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Homo Virtualis: Virtual Worlds, Learning, and an Ecology of Embodied Interaction

, The University of Texas at Austin, United States

IJVPLE Volume 1, Number 1, ISSN 1947-8518 Publisher: IGI Global


This article previews the emergence of homo virtualis. Drawing on data from seven research studies, peerreviewed published research articles, and selected excerpts of 30 months of field notes taken in Second Life, the article examines virtual learning environments and embodiment through the lens of interactions of avatars with other avatars, virtual objects, landscapes, sounds, and spatial constructs. Analysis is grounded in the polyvocal evidence provided by select participants who experienced a sense of embodied co-presence and connection with others across geo-physical distances. The discourse ranges from that of high school girls, professional retirees, toxicology and design undergraduates, interdisciplinary graduate students, to educators and researchers from K-12 through university full professors collaborating in SL. In an ecology of virtual contexts, learners inhabit a broader landscape of their own and others’ making that allows them to be teachers, designers, researchers, communicators, and collaborators.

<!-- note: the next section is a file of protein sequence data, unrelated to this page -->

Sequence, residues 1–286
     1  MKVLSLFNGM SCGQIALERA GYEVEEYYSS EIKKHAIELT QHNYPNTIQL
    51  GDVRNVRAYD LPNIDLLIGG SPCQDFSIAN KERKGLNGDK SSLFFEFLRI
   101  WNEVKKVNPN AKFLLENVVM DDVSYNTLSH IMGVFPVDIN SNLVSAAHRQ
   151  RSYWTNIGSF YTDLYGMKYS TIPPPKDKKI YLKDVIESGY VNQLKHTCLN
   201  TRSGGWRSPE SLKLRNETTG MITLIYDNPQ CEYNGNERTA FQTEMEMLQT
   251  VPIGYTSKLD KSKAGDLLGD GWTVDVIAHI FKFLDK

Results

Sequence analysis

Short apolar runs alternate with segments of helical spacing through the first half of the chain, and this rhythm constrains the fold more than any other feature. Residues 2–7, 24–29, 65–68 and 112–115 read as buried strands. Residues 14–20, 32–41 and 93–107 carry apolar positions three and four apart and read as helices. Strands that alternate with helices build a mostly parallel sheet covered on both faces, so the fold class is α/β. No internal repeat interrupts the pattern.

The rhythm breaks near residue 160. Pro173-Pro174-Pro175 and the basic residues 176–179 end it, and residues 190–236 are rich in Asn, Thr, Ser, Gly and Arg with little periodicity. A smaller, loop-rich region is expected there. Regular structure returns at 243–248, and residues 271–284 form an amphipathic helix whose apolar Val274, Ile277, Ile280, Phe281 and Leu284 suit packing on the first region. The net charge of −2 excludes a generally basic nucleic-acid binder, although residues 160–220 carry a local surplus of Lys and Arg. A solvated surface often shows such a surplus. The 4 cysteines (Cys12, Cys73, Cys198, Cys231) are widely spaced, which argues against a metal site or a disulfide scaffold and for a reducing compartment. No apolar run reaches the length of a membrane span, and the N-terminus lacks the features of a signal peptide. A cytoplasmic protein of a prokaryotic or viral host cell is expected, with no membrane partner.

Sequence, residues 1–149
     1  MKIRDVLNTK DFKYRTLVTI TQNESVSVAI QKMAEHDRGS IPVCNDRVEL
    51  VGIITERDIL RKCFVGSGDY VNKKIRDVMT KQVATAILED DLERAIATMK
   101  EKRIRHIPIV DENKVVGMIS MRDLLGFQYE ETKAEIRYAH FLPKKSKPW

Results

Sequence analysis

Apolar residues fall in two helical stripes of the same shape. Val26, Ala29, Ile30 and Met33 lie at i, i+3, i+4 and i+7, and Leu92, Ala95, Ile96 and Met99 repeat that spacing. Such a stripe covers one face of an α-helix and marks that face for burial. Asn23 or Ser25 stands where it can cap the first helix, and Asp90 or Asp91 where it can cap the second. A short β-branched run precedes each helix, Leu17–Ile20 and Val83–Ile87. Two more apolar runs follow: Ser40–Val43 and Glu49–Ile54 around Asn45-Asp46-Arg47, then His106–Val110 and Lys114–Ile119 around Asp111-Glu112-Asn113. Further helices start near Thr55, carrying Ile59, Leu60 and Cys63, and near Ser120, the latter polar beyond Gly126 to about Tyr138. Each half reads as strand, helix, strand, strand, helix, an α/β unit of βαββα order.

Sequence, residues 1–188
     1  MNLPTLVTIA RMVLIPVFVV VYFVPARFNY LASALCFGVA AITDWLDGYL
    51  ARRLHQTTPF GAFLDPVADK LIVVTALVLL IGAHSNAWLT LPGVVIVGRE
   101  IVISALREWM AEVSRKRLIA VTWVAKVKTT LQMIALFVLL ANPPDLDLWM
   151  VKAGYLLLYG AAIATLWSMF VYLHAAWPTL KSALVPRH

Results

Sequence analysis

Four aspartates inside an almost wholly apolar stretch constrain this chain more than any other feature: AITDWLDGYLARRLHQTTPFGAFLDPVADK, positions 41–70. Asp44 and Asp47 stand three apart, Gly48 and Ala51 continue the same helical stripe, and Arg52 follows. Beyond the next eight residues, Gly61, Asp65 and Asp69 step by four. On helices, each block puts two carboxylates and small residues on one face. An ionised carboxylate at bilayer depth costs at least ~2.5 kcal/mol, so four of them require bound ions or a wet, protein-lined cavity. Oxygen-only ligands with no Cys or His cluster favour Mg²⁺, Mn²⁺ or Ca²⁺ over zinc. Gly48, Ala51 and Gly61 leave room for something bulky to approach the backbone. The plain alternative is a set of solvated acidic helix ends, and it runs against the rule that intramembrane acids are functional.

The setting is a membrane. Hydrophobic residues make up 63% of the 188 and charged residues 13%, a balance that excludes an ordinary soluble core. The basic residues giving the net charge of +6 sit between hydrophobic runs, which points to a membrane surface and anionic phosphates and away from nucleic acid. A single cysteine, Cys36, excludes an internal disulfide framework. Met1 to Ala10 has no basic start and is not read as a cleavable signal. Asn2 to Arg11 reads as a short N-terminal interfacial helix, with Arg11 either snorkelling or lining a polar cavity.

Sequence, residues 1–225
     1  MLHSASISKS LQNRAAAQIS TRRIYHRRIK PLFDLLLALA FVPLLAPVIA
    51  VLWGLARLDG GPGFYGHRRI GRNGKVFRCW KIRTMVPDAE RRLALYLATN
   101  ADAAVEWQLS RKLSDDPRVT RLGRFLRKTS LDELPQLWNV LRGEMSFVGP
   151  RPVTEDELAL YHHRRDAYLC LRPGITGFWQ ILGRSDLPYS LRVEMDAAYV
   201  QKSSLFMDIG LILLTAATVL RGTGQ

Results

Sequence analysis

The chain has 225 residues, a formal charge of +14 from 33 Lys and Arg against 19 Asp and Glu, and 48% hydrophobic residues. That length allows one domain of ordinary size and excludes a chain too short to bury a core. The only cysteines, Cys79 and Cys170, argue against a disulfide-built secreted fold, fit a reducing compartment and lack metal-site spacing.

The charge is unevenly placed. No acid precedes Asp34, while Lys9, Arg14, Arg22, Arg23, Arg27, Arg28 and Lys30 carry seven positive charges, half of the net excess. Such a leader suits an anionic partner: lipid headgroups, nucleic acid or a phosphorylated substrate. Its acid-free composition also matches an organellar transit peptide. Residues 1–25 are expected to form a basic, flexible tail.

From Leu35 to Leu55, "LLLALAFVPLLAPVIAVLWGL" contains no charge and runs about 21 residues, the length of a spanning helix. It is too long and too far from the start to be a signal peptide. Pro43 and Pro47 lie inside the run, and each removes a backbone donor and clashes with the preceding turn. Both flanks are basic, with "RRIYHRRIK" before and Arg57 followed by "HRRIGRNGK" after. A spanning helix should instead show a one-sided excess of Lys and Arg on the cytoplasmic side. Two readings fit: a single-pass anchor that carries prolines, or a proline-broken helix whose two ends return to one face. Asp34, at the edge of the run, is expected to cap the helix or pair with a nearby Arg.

Jarmon, L. (2010). Homo Virtualis: Virtual Worlds, Learning, and an Ecology of Embodied Interaction. International Journal of Virtual and Personal Learning Environments, 1(1), 38-56. IGI Global. Retrieved May 29, 2023 from .